• Adding a servlet mapping for the control servlet (ActionServlet) to
web.xml.
• Enabling debugging at level 2.
• Setting the configuration file value to the default, struts-config.xml.
• Mapping the servlet using the *.do extension mapping.

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Web Application Developer’s Guide

JBuilder tools for Struts

To do this, JBuilder adds the following code to the top of the web.xml
file:
<servlet>
<servlet-name>action</servlet-name>
<servlet-class>org.apache.struts.action.ActionServlet</servlet-class>
<init-param>
<param-name>debug</param-name>
<param-value>2</param-value>
</init-param>
<init-param>
<param-name>config</param-name>
<param-value>/WEB-INF/struts-config.xml</param-value>
</init-param>
<load-on-startup>2</load-on-startup>
</servlet>
<servlet-mapping>
<servlet-name>action</servlet-name>
<url-pattern>*.do</url-pattern>
</servlet-mapping>
Note

If the web.xml file already maps a servlet named action, none of these
changes are made.

2 Create WEB-INF/struts_config.xml if one doesn’t already exist.
3 Copy the Struts TLD files to the WEB-INF directory.
4 Add the mappings for the TLD files to web.xml, using their locations in
the WEB-INF directory. The mappings look like this:
<taglib>
<taglib-uri>/WEB-INF/struts-bean.tld</taglib-uri>
<taglib-location>/WEB-INF/struts-bean.tld</taglib-location>
</taglib>
<taglib>
<taglib-uri>/WEB-INF/struts-html.tld</taglib-uri>
<taglib-location>/WEB-INF/struts-html.tld</taglib-location>
</taglib>
<taglib>
<taglib-uri>/WEB-INF/struts-logic.tld</taglib-uri>
<taglib-location>/WEB-INF/struts-logic.tld</taglib-location>
</taglib>
<taglib>
<taglib-uri>/WEB-INF/struts-template.tld</taglib-uri>
<taglib-location>/WEB-INF/struts-template.tld</taglib-location>
</taglib>

Using the Struts framework in JBuilder

8-15

Creating a Struts-enabled web application in JBuilder

Creating a Struts-enabled web application in JBuilder
Creating a Struts-enabled web application in JBuilder is a multi-step
process. It’s best to first design your application on paper. Determine the
logical flow of the application. What view will be displayed to the user
first? What action will follow that view? How will errors be handled?
There are several comprehensive Struts tutorials on the web that can help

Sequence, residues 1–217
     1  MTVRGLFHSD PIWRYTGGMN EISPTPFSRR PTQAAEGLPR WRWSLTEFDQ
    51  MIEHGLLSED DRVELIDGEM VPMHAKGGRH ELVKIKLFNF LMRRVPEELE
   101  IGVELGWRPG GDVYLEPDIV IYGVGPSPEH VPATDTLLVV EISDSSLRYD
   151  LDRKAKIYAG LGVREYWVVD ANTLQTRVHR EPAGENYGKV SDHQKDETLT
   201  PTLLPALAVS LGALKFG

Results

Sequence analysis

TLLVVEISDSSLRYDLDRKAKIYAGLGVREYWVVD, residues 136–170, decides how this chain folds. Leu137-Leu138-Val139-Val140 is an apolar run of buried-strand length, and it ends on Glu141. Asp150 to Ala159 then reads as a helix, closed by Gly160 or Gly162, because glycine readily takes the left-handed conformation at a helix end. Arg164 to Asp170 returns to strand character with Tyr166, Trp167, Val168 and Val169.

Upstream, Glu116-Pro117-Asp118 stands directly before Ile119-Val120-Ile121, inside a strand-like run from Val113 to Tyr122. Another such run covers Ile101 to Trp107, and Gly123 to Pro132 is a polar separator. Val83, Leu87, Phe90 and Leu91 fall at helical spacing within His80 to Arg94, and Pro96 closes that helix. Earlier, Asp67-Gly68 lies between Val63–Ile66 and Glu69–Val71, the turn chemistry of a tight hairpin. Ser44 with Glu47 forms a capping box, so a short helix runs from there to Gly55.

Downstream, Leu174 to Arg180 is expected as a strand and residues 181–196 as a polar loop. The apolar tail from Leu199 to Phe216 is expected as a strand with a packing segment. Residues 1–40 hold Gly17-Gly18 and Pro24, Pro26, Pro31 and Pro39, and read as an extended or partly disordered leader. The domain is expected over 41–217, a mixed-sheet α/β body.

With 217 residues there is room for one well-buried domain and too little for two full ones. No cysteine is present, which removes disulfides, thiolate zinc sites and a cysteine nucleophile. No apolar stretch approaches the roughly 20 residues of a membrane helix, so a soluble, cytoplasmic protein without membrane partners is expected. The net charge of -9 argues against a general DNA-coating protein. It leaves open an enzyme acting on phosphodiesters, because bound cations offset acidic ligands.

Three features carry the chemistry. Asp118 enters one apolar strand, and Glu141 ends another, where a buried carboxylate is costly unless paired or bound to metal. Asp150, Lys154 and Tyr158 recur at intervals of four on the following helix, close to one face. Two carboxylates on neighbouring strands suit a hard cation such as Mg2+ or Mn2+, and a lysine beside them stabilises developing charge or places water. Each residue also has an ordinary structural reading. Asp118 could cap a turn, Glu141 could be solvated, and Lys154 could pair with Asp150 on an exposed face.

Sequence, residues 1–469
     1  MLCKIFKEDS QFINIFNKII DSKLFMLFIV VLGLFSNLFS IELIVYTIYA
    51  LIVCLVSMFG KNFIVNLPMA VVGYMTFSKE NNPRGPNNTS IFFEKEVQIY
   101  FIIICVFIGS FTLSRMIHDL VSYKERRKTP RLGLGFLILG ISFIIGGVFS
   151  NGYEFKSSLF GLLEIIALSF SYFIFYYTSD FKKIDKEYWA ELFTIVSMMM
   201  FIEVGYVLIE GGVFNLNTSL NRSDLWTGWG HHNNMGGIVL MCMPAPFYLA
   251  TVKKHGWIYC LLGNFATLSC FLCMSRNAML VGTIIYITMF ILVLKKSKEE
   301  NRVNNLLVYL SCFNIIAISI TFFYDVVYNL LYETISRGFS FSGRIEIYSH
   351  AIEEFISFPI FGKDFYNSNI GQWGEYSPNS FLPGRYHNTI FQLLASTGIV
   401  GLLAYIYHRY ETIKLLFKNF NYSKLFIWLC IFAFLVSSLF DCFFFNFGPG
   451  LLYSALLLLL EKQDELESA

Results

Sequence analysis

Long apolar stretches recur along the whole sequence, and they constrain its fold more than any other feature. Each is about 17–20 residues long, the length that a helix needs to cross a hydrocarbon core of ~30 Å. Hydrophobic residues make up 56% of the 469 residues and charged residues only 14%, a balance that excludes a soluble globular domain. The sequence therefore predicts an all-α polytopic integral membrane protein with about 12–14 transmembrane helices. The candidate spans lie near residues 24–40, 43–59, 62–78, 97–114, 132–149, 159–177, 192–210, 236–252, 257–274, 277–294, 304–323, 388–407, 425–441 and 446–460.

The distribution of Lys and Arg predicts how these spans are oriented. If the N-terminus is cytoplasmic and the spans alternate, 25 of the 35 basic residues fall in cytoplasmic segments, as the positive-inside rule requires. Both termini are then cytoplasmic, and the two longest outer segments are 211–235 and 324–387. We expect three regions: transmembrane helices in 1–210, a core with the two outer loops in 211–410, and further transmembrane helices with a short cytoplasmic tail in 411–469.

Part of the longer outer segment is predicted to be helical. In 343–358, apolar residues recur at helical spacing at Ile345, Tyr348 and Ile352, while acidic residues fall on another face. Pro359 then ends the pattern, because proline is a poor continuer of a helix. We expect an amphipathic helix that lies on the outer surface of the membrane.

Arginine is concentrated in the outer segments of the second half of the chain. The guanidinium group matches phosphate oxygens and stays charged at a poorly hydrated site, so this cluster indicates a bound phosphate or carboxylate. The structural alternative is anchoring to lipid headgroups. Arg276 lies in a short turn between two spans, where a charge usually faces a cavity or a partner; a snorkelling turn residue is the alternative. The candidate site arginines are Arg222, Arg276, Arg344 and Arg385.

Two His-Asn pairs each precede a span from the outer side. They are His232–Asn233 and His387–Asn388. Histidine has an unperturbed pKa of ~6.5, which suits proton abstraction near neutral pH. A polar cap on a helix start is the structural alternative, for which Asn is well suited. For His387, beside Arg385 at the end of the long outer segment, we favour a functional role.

you with application design and flow. Look at the links on the Jakarta
Struts Resources Tutorials page at http://jakarta.apache.org/struts/
resources/tutorials.html.
Once your application design is in place, you can start using JBuilder’s
tools and wizards to create it. The following steps provide a brief
overview of creating a Struts-enabled web application in JBuilder.

1 Create a new project.
2 Use the WebApp wizard (File|New|Web tab|Web Application) to
create your Struts-enabled web application. Choose the Struts
framework.
3 Use the JSP wizard (File|New|Web|JavaServer Page) to create the JSP
page for the application’s introductory view. This is the view layer of
the Struts web application.
a On the Declare JSP And Components page of the wizard, enter the
JSP name. Do not select either of the options.
b On the Edit JSP File Details page, choose the background color you
want for the JSP. Do not generate a Submit form. Scroll down the list
of Tag Libraries until the Struts tag libraries are displayed. Choose
the Struts tag libraries you will use in this JSP:
• struts-beans: Tags to display data from JavaBeans, such as data
returned from a database query.
• struts-html: Tags that replace many of the common HTML
elements.
• struts-logic: Tags that perform iterations and conditional
processing of view data, such as presenting database data in a
tabular format.
• struts-template: Tags that import snippets to JSP pages, for
example, a company logo and header that are common across all
pages of a website.

c You can click Finish on this page, you do not need to set options on
other pages.

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Web Application Developer’s Guide

Creating a Struts-enabled web application in JBuilder

4 Add Struts-enabled tags to the JSP to design the view. For more
information on building the view layer of the Struts web application,
see “Building View Components” in the Struts User’s Guide at http://
jakarta.apache.org/struts/userGuide. The document also includes